Bishop Jaime Soto of Sacramento, Archbishop Francisco Moreno Barrón of Tijuana and Bishop Michael C. Barber, SJ, of Oakland were among a dozen bishops who met to discuss working together.
AIDA BUSTOS/SPECIAL TO THE CATHOLIC VOICE
U.S., Mexico Catholic bishops renew
their 'Alta-Baja' friendship
SAN DIEGO – Oakland Bishop Michael C. Barber, SJ, was among three archbishops and nine bishops representing at least 13 million Catholics from Sacramento to Ensenada who resurrected their "Alta-Baja" friendship, paving the way to potentially working together in the future.
Los Angeles Archbishop José Gómez and Tijuana's Archbishop Francisco Moreno Barrón had worked with their respective episcopal organizations for more than a year to coordinate a meeting of the two sides. Their efforts culminated in an "Encuentro de los Obispos de Alta y Baja California" on Oct. 30 at the San Diego diocese.
The California Catholic Conference of Bishops organized the participants north of the border, which included San Francisco Archbishop Salvatore J. Cordileone and seven bishops.
The Conference's president, Sacramento Bishop Jaime Soto, chaired the meeting, and its vice president, San Diego Bishop Robert McElroy, hosted the event, which ended with a dinner.
The Tijuana Archdiocese coordinated the participation of the bishops of Ensenada and Mexicali, as well as Tijuana's retired archbishop.
The purpose of the six-hour meeting was for the leaders from one side of the border to meet their counterparts from the other, and see where the conversation took them. The bishops spoke candidly, often one elaborating on a point raised by one of their colleagues. They shared what was occurring in their individual dioceses regarding issues of common interest, such as immigration, NAFTA and "Laudato Si," Pope Francis's call to protect the environment.
Regarding immigration, the California bishops described how the Trump Administration's executive orders had sowed fear in their dioceses as deportations increased.
For their part, the Baja California bishops said the surge in deported migrants arriving in their dioceses had further strained their resources.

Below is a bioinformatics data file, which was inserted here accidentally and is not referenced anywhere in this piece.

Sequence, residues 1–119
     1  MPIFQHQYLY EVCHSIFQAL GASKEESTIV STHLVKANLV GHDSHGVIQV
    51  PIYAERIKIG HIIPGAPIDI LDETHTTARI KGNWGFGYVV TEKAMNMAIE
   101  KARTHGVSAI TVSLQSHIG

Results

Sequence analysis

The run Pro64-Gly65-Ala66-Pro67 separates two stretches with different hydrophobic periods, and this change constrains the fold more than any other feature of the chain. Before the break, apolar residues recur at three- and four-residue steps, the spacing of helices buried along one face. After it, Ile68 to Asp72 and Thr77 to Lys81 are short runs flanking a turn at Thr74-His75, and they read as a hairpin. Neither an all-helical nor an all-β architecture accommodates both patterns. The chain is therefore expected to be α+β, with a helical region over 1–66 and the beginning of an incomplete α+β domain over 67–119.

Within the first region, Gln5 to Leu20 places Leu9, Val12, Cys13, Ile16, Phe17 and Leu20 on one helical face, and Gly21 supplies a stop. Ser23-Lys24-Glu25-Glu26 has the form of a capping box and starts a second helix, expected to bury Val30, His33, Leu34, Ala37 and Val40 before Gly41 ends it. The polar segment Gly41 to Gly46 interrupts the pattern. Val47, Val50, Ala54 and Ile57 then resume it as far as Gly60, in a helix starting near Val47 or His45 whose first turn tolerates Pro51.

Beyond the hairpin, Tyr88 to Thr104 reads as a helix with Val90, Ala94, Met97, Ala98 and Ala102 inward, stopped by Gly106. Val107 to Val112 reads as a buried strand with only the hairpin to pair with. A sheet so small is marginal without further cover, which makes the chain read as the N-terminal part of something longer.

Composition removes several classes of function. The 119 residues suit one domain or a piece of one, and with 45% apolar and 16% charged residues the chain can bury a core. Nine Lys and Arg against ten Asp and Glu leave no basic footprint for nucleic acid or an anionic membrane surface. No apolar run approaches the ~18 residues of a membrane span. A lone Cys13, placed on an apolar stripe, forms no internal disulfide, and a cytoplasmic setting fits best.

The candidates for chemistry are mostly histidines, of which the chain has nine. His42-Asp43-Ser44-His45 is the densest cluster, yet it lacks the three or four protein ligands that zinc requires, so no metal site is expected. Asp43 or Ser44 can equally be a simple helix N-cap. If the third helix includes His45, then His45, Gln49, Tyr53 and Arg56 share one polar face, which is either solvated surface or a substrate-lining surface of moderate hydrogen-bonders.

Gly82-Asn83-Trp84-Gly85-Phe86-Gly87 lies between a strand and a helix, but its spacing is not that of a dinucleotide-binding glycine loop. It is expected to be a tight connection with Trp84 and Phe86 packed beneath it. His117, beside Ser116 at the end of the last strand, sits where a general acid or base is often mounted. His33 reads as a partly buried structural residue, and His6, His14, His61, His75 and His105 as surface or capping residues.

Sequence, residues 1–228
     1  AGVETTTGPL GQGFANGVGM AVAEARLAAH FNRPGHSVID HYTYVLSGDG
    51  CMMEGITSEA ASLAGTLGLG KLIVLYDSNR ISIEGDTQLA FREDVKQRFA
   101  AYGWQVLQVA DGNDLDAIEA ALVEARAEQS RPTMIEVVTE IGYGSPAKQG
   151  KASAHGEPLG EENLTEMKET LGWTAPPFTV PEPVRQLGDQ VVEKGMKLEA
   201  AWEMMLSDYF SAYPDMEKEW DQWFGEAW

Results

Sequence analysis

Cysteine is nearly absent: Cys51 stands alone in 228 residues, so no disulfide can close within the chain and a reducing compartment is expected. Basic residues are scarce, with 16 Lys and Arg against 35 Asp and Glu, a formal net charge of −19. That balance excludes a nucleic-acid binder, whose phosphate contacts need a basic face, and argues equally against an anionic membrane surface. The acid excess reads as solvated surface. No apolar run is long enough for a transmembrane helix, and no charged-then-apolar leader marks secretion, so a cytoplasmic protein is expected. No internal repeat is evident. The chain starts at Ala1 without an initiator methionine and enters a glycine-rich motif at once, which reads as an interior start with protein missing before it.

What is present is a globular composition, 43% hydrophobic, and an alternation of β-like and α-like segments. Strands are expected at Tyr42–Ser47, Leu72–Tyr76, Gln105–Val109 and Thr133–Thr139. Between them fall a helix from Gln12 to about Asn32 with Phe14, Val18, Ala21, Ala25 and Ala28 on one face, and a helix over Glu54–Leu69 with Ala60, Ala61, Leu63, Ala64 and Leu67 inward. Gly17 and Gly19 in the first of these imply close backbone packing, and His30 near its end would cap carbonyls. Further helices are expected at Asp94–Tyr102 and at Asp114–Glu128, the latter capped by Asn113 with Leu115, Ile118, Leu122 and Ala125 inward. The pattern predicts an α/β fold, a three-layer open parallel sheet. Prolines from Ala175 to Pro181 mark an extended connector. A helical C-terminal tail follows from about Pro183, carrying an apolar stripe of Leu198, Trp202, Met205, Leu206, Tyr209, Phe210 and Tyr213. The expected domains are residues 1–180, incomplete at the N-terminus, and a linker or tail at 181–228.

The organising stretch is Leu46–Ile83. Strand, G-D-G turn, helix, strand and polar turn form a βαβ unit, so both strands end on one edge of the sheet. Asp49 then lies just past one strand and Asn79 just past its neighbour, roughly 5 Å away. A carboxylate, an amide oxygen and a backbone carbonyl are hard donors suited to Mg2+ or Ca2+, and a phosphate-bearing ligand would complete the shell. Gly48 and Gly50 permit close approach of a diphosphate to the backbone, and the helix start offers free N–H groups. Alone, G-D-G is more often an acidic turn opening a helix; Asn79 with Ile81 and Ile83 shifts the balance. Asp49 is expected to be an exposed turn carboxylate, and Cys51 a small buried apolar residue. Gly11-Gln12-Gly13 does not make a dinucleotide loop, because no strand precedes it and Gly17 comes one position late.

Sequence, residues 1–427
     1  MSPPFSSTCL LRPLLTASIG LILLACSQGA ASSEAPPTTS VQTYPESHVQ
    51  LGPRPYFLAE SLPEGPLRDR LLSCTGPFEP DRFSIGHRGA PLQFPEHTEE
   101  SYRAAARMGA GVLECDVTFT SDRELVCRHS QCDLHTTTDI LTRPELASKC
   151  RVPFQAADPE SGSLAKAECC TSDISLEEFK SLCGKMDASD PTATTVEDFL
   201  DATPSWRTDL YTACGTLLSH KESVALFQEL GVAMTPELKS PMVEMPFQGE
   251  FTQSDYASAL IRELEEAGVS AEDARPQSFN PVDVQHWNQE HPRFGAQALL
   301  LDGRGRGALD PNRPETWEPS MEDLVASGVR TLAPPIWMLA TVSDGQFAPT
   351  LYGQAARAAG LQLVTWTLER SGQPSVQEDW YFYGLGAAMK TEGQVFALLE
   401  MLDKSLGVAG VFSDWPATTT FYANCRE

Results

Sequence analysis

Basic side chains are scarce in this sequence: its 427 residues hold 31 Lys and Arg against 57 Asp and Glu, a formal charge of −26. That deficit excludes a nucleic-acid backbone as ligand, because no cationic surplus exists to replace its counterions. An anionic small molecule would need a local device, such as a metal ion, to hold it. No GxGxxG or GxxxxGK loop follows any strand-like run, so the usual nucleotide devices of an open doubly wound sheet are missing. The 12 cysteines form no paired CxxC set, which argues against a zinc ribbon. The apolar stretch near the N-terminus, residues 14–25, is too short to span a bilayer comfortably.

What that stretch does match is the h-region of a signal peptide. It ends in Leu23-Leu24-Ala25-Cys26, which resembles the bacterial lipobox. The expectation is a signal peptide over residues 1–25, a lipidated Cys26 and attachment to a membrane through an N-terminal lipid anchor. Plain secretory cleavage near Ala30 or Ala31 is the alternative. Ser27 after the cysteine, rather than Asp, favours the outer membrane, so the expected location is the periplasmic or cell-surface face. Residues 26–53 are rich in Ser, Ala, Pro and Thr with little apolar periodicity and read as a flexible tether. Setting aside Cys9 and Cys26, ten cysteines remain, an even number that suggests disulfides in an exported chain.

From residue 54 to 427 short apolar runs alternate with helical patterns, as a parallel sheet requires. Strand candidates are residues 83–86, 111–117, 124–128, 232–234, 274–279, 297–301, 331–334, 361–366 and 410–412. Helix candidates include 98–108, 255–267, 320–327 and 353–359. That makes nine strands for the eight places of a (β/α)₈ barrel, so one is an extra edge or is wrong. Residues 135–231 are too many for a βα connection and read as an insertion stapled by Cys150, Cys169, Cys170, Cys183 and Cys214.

By the end, the bishops committed to meeting next October, this time in Baja California, to explore ways they could work together to strengthen each other's pastoral work.
"This was the resurrection of Alta-Baja," said Archbishop Gómez, referring to the name of the group of bishops from both sides of the California-Mexico border that had met regularly until the early 2000's, when they went their separate ways.
"Alta" (which means "higher" in Spanish) and "Baja" ("lower") California were once one territory. In the 19th century, the vast area was governed first by Spain and then by Mexico. Alta California became part of the United States in the Treaty of Hidalgo of 1848, which ended the Mexican-American War.
Archbishop Gómez noted that when Pope Francis visited Mexico last year he urged the bishops there to step up their coordination with their U.S. counterparts, given that so many Latino Catholics live north of the border.
"I think it's important to find new ways to help our people to grow in their spirituality and to grow in their missionary spirit," Archbishop Gómez said.
Tijuana's Archbishop Moreno Barrón said the most important outcome of the gathering was the opportunity to meet each other – and build from there.
"More than the words we exchanged were the attitudes we shared," he said. "We did not know each other but we saw each other as brothers in faith."
At the meeting, the Tijuana archbishop said he had recently attended a meeting of bishops from the Texas-Mexico border, known as Tex-Mex. He expressed the hope that a bishop from that organization could join next year's meeting of the Alta-Baja bishops.
Archbishop Gómez participated in Tex-Mex during the five years he served in San Antonio. He's familiar with the benefits and challenges of working on cross-border projects.
Archbishop Gómez said that people on both sides of the border are very faithful to the Church and share similar roots. "It's important to learn from each other and to work together."
The participants from California also included Bishops Michael Barber (Oakland), Gerald Barnes (San Bernardino), Richard Garcia (Monterey) Armando Ochoa (Fresno), and Auxiliary Bishops Alexander Salazar (Los Angeles) and John Dolan (San Diego).
From Baja California, Bishops José Isidro Guerrero Macias (Mexicali) and Rafael Valdéz Torres (Ensenada) participated, as well as Tijuana Archbishop Emeritus Rafael Romo Muñoz.
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